Bugatti Tourbillon debuts with N/A V16 + 800 e-horses


Yes, yes, we’ll talk about that V16 in just a li’l bit, but as some of you guessed right, the Tourbillon is the first new offering from the Bugatti-Rimac joint venture. A lot of us thought the next new Bugatti was gonna be all-electric, but the JV surprised us with a N/A V16. I know, there are also three electric motors, but still, it is good that the new Bugatti is not a BEV. Bugatti plans to build only 250 units of Tourbillon, with each carrying a base price of €3.8 million net. But a quick glance at the brand’s recent history indicates that the company doesn’t hesitate to “upgrade” its plans; meaning, Bugatti might produce more than 250 units.

The design of the Tourbillon was led by Frank Heyl, who spent 15 years at Bugatti, before being promoted to the Director of Design in 2023. Which is probably why the Tourbillon’s design doesn’t look very fresh. I mean, it looks more like another special, limited edition of the Chiron. The rear-end just reminds us of the one-off La Voiture Noire. That said, the Tourbillon has dihedral doors/butterfly doors, which I think were influenced by the brand’s JV partner. But let’s not think too much about the design, because remember, the Tourbillon needs to appeal only to 250 (lucky) people.

Bugatti-Tourbillon-rolling-chassisT800 carbon composite monocoque

The Tourbillon might look like just another special edition Chiron, but CEO Mate Rimac assures that the connections to the past models are limited to design inspirations. This new hypercar features an all-new chassis, and of course, a new powertrain—which we’ll talk about in just a minute or two. The new chassis integrates forged-aluminium multi-link suspension front and rear, moving on from the double wishbone steel setup found in the Chiron. Thanks to 3D printing and organic design of the suspension components (designed in collab with Czinger), Bugatti claims weight savings of up to 45% compared with the Chiron.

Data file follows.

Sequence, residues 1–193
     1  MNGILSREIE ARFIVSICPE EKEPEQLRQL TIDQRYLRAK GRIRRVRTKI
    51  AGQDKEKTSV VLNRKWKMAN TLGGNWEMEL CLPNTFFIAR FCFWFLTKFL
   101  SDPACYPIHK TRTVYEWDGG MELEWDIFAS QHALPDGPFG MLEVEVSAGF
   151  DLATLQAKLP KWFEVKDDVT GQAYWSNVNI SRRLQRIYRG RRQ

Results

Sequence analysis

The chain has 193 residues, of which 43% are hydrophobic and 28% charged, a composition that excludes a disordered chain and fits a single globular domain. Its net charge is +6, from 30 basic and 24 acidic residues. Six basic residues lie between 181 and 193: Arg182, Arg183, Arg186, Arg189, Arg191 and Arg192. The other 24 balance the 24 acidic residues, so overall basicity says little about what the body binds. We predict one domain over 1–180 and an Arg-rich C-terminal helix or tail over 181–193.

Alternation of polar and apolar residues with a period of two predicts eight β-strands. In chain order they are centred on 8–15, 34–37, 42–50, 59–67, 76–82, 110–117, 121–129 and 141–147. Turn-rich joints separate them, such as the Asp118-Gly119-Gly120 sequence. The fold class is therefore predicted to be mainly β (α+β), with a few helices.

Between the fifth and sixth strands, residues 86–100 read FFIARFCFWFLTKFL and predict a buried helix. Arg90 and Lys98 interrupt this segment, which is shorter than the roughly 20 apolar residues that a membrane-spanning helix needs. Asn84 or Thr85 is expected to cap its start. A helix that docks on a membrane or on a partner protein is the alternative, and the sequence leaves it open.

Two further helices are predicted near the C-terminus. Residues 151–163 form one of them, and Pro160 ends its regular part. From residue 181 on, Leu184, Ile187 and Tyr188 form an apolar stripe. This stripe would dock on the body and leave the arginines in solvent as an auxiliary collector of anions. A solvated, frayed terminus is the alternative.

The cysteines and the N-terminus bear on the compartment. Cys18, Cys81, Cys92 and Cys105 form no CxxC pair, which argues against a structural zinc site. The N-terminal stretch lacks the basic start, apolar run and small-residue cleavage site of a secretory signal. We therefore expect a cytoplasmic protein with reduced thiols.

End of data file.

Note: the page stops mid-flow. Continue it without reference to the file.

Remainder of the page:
The car rides on a staggered wheel setup of 20-inch at the front and 21-inch at the rear; the rims are shod with bespoke Michelin Pilot Cup Sport 2 tires. Brakes are carbon ceramics, of course.

Alright, let’s get the numbers out of the way then, shall we? The Bugatti Tourbillon is a hybrid hypercar. What that means is, there’s a mix of a few things. Firstly, there’s a new, Cosworth-built 8.3-litre naturally aspirated V16 engine behind the occupants. Thanks to its lightweight construction, it weighs only 252 kg (556 lbs). We read about this engine a few months ago, if you remember. Plus, there’s an electric motor at the rear axle. No, no, wait, we’re not done yet. The front axle is an e-axle; meaning, there are two e-motors on the front axle, which brings the grand total of e-motors to three. The ICE produces 735.5 kW (1,000 metric hp) and 900 Nm (664 lb-ft), while the e-motors further contribute 588.5 kW (800 metric hp) and an undisclosed amount of torque. However, the combined power output is 1,324 kW (1,800 metric hp). Transmission is an 8-speed DCT, claimed to be developed from the ground up specifically for the Tourbillon. If I’m not wrong, the reversing duties will be taken care of by the front e-axle.


The electric motors are powered by a rather large 25 kWh oil-cooled 800-volt battery pack housed in the central tunnel and behind the passengers (T-shaped battery?). Bugatti estimates an all-electric range of over 60 km (37 mi). As for the official performance figures, the Tourbillon is claimed to do a 0-100 km/h (62 mph) sprint in 2.0 seconds, a 0-200 km/h (124 mph) in less than 5.0 seconds, and a top speed of 445 km/h (276 mph). I’m pretty sure, the top speed can be more than that, but the tires are probably the limiting factor.

Inside, there’s a bit of Pagani vibes, thanks to the intricate detailing of the instrument cluster—inspired by luxury mechanical watches. Bugatti claims to have worked with Swiss watchmaking experts for this exquisite cluster—which is made up of more than 600 parts with materials including titanium and gemstones such as sapphire and ruby. The central console design is just as intricate and houses a hidden touchscreen that can pop-out when needed. The seats are fixed to the floor, but the pedal box is adjustable for reach. Another key highlight of the Tourbillon’s interior is a bespoke audio system without traditional speakers and woofers. Instead, there are exciters on the door panels and throughout the car, which enable some interior panels to function as speakers. Not sure how good this setup is, but apparently, it offers weight benefits. But hey, I’m pretty sure those 250 people wouldn’t care much about the audio system when there’s a N/A V16 behind them.

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